• developing new methodologies to the collection of anthropometric and risk factor data among populations
  • evaluating community-based interventions aimed at preventing childhood obesity.
  • PRECIS: PRecision Evidence for Childhood obesity prevention InterventionS

    PRECIS will bring together the best international evidence around complex community-based interventions to prevent child and adolescent obesity. The project has been funded by the NHMRC Ideas scheme for 4 years (2021–2024).

    Gathering a unique dataset of 20 diverse community-based obesity prevention interventions from Australia, New Zealand, USA and across the Pacific region, the aims of PRECIS are to:

    • identify and validate combinations of individual, community and intervention characteristics in community-based obesity prevention interventions that most strongly predict intervention effectiveness and cost-effectiveness. Methods will include both machine learning and epidemiological analysis.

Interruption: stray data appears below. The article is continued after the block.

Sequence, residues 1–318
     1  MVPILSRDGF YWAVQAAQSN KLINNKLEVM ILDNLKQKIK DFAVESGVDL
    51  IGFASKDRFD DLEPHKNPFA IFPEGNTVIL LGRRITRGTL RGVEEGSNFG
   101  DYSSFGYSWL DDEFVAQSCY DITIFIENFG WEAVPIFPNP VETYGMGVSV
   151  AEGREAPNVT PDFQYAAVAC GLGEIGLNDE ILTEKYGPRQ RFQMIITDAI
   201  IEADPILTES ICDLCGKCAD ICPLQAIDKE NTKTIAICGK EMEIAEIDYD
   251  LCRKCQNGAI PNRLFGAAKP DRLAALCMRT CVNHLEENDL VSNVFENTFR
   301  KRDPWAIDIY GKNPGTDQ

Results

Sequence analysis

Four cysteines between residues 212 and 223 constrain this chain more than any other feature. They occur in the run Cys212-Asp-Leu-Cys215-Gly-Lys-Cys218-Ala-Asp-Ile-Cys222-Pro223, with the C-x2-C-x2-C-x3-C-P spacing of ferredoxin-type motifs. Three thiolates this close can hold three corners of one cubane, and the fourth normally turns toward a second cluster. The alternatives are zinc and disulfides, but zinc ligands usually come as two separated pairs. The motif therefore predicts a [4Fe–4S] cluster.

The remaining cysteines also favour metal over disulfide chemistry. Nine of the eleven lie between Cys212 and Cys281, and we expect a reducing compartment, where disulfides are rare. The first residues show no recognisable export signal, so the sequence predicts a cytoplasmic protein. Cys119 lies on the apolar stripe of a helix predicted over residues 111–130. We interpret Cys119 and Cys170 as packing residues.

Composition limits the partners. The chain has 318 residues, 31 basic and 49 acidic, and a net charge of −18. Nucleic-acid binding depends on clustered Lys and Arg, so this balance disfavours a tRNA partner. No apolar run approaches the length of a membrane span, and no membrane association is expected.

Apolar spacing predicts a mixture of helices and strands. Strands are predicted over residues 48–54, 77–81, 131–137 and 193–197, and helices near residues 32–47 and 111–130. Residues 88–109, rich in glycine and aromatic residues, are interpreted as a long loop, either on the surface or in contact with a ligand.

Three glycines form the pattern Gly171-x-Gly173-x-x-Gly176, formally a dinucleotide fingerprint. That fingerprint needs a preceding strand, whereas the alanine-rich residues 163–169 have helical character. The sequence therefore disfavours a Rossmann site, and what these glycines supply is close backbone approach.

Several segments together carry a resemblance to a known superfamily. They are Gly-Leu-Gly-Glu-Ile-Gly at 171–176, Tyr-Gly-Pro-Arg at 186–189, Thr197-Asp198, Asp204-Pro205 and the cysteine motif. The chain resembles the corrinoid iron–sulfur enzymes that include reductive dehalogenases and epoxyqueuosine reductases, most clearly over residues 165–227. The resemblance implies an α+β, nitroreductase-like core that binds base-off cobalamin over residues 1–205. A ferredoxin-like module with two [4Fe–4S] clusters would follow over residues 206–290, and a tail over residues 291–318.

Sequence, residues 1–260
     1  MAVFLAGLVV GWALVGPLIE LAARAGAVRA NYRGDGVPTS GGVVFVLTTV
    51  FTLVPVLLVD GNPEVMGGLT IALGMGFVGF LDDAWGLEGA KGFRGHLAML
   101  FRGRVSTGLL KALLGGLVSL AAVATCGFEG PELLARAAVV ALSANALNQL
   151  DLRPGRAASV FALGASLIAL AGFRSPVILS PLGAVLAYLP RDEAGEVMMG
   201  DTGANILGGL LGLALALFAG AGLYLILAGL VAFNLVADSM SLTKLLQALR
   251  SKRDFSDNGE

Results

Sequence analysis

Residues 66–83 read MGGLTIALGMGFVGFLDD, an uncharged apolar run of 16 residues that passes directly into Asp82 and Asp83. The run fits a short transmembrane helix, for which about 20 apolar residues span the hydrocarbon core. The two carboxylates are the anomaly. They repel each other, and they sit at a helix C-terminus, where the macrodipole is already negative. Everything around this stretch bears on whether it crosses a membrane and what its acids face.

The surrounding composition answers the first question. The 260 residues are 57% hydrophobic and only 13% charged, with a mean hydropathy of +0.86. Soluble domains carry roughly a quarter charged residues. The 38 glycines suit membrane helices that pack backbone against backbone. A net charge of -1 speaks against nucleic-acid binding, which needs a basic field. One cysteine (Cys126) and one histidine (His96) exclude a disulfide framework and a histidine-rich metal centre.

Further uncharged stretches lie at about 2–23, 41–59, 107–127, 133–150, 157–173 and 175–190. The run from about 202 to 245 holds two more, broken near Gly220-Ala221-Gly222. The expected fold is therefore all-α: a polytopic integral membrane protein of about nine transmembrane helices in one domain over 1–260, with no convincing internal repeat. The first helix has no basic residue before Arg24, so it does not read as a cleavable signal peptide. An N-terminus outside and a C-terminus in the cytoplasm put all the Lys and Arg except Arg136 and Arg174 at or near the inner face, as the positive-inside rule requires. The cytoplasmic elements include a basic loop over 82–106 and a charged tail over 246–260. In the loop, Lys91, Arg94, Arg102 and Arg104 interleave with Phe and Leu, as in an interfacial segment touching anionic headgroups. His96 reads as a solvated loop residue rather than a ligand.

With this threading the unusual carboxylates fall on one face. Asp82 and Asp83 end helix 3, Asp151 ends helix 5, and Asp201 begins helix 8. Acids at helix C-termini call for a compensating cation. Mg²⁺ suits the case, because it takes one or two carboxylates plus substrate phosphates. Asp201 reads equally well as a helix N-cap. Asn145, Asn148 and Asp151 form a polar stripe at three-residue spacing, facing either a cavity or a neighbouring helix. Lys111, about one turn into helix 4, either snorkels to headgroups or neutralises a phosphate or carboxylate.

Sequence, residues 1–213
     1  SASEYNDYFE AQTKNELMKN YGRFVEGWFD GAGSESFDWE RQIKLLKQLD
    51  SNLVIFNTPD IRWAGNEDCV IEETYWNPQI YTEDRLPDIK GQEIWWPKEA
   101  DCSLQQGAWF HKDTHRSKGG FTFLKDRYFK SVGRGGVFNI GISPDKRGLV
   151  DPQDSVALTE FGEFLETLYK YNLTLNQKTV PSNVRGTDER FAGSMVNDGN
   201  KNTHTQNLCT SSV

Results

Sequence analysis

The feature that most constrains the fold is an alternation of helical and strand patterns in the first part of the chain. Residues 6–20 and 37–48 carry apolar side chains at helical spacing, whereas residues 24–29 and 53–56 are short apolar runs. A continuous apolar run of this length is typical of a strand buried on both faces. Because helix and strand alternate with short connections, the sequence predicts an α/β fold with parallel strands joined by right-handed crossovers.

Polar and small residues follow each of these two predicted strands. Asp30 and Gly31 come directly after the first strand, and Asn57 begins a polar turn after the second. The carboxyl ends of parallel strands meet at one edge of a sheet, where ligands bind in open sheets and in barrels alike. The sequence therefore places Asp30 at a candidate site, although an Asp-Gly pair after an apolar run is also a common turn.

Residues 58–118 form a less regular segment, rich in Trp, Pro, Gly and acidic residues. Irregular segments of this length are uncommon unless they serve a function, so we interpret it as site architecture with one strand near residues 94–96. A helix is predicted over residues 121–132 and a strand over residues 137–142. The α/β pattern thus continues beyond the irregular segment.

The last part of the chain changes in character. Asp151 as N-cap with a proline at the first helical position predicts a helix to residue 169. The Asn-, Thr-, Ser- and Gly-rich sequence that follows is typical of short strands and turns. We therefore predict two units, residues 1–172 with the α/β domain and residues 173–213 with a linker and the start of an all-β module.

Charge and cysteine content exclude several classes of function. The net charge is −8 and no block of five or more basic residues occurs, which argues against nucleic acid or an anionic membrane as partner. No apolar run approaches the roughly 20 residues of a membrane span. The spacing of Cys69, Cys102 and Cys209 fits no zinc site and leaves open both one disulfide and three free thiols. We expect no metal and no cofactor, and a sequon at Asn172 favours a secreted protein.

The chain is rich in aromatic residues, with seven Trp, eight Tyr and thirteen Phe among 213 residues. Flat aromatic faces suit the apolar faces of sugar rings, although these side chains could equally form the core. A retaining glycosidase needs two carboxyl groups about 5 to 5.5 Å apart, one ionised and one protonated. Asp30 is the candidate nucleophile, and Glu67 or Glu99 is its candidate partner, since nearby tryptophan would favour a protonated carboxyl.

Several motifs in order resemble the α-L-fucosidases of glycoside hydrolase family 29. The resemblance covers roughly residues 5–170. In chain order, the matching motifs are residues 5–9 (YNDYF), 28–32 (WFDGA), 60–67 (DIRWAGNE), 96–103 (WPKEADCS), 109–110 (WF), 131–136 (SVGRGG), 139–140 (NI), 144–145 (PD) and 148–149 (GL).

• identify and quantify the broader impacts (co-benefits) of community-based obesity prevention and the impact of these additional benefits on cost-effectiveness estimates
    • establish an international knowledge translation and exchange network for community-based obesity prevention.

    Learn more about PRECIS.

  • RESPOND (Reflexive Evidence and Systems interventions to Prevent Obesity and Non-communicable Disease)